Forms a compact mound, eventually a little wider than tall. Leaves are long (3-6") and narrow, leathery, with a red petiole. Pink buds open to non-fragrant white flowers in a dense 2-3" wide cyme. Fruits are tubular in shape and bright blue like no other viburnum. Introduced in 1904 by E.H. Wilson.
Very similar to V. cinnamomifolium except it is much more compact in habit. Fruit is a bright blue like no other Viburnum.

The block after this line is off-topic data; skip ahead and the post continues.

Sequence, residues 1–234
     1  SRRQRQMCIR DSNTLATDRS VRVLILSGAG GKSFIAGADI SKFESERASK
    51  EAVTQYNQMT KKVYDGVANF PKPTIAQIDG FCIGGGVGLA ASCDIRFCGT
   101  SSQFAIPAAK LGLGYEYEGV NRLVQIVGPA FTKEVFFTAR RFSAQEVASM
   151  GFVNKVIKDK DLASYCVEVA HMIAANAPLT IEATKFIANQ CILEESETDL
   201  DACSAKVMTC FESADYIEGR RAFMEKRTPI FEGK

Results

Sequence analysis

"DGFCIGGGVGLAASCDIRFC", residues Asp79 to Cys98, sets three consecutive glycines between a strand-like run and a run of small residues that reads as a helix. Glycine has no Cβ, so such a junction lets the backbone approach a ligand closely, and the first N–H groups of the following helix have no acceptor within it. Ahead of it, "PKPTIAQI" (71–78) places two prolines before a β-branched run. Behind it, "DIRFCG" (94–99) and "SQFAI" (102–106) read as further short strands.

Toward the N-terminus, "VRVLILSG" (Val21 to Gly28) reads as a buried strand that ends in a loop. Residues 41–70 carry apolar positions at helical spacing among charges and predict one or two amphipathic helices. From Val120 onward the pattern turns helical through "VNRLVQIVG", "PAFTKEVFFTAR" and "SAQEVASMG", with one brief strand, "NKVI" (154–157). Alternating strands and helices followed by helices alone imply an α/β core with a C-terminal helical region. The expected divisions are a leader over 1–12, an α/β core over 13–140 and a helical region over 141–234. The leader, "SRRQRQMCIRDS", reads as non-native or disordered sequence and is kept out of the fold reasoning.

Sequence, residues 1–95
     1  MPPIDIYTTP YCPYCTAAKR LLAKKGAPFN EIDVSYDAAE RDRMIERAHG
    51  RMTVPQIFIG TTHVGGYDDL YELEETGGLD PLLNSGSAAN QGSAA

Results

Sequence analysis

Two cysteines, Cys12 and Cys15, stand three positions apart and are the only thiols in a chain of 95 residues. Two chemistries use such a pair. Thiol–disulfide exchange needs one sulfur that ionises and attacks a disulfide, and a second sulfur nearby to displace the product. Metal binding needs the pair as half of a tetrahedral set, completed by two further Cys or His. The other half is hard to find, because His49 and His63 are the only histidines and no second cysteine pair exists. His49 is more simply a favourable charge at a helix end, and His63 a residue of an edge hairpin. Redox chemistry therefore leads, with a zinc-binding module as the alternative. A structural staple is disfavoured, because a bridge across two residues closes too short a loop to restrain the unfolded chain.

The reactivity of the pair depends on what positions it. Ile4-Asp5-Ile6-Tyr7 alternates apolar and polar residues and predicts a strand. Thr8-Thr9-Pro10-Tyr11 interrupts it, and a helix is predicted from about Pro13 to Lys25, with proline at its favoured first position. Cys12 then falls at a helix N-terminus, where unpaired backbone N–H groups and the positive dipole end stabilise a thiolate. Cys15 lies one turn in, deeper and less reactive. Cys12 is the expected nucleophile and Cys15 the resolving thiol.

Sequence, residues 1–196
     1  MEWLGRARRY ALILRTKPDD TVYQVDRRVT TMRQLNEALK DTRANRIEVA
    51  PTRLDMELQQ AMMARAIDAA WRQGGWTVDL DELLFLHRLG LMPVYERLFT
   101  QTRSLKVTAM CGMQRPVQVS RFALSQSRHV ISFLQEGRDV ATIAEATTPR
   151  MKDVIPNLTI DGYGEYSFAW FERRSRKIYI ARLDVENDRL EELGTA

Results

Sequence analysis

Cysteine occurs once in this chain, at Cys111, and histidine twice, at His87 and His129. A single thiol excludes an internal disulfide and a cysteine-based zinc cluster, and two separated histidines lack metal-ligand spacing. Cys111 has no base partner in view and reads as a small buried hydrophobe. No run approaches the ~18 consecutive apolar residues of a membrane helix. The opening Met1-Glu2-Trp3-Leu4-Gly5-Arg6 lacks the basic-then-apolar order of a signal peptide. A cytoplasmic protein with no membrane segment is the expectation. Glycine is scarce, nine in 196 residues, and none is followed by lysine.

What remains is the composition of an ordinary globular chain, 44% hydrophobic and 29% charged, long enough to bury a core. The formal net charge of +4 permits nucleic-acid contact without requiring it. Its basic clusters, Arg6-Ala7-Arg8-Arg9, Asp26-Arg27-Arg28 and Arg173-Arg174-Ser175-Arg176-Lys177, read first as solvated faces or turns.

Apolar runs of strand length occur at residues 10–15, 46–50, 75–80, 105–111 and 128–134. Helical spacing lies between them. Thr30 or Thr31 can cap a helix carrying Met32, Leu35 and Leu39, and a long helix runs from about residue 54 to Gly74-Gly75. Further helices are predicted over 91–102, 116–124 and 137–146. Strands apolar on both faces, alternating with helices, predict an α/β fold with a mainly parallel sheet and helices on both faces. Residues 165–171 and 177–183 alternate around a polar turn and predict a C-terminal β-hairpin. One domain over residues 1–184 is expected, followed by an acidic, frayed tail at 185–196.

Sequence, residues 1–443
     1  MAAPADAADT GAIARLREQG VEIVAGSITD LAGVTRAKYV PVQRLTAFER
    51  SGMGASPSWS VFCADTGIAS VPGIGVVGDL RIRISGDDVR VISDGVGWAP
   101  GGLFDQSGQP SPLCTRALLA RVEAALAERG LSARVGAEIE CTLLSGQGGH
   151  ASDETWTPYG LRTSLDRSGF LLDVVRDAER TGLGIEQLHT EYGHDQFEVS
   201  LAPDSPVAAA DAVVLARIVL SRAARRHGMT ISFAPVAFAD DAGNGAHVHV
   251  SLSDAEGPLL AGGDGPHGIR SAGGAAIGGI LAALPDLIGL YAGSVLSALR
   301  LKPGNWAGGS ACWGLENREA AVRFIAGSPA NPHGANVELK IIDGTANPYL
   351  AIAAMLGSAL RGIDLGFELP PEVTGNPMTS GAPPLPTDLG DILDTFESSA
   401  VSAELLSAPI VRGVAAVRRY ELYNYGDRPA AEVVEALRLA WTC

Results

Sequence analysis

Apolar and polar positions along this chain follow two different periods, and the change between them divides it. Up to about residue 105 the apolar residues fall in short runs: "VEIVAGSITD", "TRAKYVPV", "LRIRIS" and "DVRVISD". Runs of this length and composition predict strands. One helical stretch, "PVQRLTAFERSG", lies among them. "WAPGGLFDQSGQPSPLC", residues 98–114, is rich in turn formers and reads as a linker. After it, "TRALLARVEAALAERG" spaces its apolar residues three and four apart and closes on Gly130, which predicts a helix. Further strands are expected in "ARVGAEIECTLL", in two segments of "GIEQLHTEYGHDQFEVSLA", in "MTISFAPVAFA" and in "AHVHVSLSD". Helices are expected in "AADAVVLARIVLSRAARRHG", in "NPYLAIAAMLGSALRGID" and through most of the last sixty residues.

Definately a plant suited to the coast of California and the Pacific Northwest. Requires a cool, moist climate. Marginally successful in the South and Southeast only if planted in acidic, moist, well drained soil and in the shade. Planting of two plants will insure adequate fruiting.